According to Grassley, this is a logical step. Drug advertisers tell consumers about the benefits of the drugs and they’re also required to tell consumers about the side effects, “but they don’t seem very gung-ho to tell you how much a drug costs.”
Holtz-Eakin explained how the combination of supply—development costs about $3 billion and only 8% of drugs are ultimately approved by the FDA—and demand—more than half of Americans take drugs with 60% having a chronic condition and 40% having 2 or more—is a recipe for an economic crisis.
He explained that policies need to address how to improve the supply side by lowering the cost, shortening the time between when a drug is tested and when it comes to market, and increasing the number of both branded and generic drugs. “There’s nothing better than having multiple drugs,” he said.
Miller highlighted the importance of protecting innovation while lowering the cost for the patient and the taxpayer.
“You have headroom between the prices being charged and being paid and how much is being spent on [research and development],” he said. “I think you can go after prices and go after spending and not immediately threaten innovation—but you should always keep that in mind.”
Another solution is value-based pricing, which can address expensive drugs that have no current competition, Bach said. Through this mechanism, drug prices would be set based on the drug’s benefits. The current healthcare system has little alignment between costs and benefits.
Bach also discussed value-based insurance design, which reduces the co-payment for patients if the drug has higher value.
“The notion is not that the patient should pay more,” he said. “The notion is that the pharmaceutical company should capture a higher price if their drugs work better relative to if their drugs work less well.”
This would reallocate money away from drugs where the prices don’t match the benefit and frees up money for drugs that work better, Bach said.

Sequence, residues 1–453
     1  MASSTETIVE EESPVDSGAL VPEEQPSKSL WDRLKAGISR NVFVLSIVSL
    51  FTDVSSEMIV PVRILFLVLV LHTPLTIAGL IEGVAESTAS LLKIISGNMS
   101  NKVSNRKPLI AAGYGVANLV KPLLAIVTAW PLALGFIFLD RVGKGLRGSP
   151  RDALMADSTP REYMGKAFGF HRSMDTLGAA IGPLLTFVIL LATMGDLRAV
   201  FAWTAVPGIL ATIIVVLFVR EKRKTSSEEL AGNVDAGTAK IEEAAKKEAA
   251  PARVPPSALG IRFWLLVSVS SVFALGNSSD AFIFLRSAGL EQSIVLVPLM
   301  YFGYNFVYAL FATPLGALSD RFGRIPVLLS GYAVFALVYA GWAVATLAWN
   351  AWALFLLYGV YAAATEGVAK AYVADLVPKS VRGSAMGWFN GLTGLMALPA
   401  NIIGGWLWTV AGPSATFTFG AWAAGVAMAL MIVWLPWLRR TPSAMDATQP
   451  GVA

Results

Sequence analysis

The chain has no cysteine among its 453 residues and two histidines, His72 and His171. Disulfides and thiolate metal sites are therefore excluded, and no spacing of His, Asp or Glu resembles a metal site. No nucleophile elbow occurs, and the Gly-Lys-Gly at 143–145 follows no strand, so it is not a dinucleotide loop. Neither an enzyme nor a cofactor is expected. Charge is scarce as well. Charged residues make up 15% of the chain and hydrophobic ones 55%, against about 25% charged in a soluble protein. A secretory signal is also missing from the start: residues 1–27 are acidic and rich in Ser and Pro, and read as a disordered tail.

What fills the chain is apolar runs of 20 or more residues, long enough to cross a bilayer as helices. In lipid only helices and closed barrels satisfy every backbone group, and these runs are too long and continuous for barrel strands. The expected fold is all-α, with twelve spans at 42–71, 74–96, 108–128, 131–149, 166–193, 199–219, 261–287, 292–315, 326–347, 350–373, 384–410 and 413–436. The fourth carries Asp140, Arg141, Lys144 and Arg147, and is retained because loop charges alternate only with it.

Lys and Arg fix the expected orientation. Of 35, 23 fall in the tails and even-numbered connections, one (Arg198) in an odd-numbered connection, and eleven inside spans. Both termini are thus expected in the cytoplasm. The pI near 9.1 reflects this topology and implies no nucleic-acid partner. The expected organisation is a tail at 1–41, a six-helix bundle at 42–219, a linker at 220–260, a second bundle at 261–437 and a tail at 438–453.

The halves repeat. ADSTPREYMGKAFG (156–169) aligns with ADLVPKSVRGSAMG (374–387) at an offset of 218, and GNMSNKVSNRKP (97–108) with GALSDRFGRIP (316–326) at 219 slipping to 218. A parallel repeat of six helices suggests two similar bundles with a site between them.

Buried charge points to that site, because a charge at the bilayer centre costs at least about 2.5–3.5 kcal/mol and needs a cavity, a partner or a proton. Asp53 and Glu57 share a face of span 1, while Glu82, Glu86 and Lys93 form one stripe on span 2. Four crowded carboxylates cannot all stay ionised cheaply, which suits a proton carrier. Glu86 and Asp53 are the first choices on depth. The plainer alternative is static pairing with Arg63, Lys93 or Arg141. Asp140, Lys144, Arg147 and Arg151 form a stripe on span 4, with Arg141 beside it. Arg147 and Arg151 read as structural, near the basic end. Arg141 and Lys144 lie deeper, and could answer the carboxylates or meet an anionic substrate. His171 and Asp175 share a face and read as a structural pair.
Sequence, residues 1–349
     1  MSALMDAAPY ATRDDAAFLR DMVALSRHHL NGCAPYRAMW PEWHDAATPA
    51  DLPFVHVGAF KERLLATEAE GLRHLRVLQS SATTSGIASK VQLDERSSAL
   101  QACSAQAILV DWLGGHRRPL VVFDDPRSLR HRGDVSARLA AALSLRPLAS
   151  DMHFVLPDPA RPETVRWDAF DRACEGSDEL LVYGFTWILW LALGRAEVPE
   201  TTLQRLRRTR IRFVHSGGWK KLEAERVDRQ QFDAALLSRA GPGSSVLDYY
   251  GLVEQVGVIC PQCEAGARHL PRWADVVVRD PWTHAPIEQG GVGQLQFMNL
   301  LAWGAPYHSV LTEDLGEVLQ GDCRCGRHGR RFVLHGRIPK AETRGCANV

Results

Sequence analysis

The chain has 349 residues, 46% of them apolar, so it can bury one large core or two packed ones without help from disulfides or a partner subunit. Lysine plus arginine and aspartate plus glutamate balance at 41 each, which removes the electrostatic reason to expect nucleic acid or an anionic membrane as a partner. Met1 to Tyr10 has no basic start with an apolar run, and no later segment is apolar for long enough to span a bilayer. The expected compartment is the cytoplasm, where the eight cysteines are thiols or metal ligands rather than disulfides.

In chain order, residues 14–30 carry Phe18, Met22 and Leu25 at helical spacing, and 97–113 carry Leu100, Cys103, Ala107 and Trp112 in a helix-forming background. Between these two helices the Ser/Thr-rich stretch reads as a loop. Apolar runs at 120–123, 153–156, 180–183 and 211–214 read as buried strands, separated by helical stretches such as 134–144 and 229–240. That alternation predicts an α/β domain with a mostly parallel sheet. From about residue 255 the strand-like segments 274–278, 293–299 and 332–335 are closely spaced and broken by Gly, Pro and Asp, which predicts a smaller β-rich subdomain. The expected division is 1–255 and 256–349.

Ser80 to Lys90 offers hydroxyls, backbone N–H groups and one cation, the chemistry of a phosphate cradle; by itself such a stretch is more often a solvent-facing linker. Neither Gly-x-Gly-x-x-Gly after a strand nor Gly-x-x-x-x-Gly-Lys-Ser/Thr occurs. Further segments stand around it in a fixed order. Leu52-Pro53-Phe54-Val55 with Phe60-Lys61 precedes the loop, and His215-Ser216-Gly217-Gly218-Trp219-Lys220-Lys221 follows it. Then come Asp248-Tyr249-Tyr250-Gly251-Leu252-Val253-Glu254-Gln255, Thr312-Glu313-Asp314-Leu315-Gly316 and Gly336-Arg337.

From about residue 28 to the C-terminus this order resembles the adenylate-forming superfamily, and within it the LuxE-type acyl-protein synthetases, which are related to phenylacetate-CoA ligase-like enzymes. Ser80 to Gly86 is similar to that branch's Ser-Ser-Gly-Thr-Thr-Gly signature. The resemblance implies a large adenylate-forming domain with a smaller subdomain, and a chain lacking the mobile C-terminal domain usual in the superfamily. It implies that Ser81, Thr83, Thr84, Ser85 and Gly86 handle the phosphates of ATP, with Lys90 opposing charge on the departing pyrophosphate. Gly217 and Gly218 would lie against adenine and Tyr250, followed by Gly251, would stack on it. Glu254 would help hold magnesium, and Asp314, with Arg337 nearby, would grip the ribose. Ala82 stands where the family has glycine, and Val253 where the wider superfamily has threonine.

The idea of drug reimportation was raised during the hearing after Sego explained her family was visiting Hungary and found that the same vial that costs them more than $400 out of pocket in the United States cost only $10 in Hungary.
While she wanted to stockpile vials, that wasn’t a sustainable option. Her family couldn’t visit Mexico or Canada every time Hunter needed more insulin.
Committee member Debbie Stabenow, D-Minnesota, explained that it’s just a 10-minute drive for some of her constituents to cross the border, where drug prices can be 40% lower. She questioned how a company can make the argument that an FDA-approved drug is not as safe if it’s bought in Canada.
“We have trade on everything else, but we close the border on safe, FDA-approved drugs on both sides of the border,” she said.
Stabenow also said that Sego’s situation is not rare, although she wished it was. She relayed a similar situation she heard from a constituent in Minnesota, only this woman’s son died after rationing his insulin. What, she asked Sego, would she say to the drug company executives if any of the ones invited had actually showed up?
“As a mother, I would probably say to them: ‘I hope you know that there are people who are going without their medication, and because they’re going without their medication, they’re at risk of dying,'” Sego said. She added, “I don’t know how any person would be ok with knowing that the medication is so high that you have to make a decision about life or death.”